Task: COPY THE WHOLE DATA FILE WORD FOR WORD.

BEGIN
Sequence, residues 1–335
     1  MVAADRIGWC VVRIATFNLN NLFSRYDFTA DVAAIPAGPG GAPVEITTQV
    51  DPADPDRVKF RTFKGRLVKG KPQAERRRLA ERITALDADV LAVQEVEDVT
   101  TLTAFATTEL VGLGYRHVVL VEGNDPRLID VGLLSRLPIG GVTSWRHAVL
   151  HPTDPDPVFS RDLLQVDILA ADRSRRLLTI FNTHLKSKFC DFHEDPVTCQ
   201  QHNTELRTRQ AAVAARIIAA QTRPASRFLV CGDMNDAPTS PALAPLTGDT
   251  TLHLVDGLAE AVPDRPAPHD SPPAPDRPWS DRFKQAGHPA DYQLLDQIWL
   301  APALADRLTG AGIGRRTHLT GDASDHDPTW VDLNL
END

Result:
Sequence, residues 1–335
     1  MVAADRIGWC VVRIATFNLN NLFSRYDFTA DVAAIPAGPG GAPVEITTQV
    51  DPADPDRVKF RTFKGRLVKG KPQAERRRLA ERITALDADV LAVQEVEDVT
   101  TLTAFATTEL VGLGYRHVVL VEGNDPRLID VGLLSRLPIG GVTSWRHAVL
   151  HPTDPDPVFS RDLLQVDILA ADRSRRLLTI FNTHLKSKFC DFHEDPVTCQ
   201  QHNTELRTRQ AAVAARIIAA QTRPASRFLV CGDMNDAPTS PALAPLTGDT
   251  TLHLVDGLAE AVPDRPAPHD SPPAPDRPWS DRFKQAGHPA DYQLLDQIWL
   301  APALADRLTG AGIGRRTHLT GDASDHDPTW VDLNL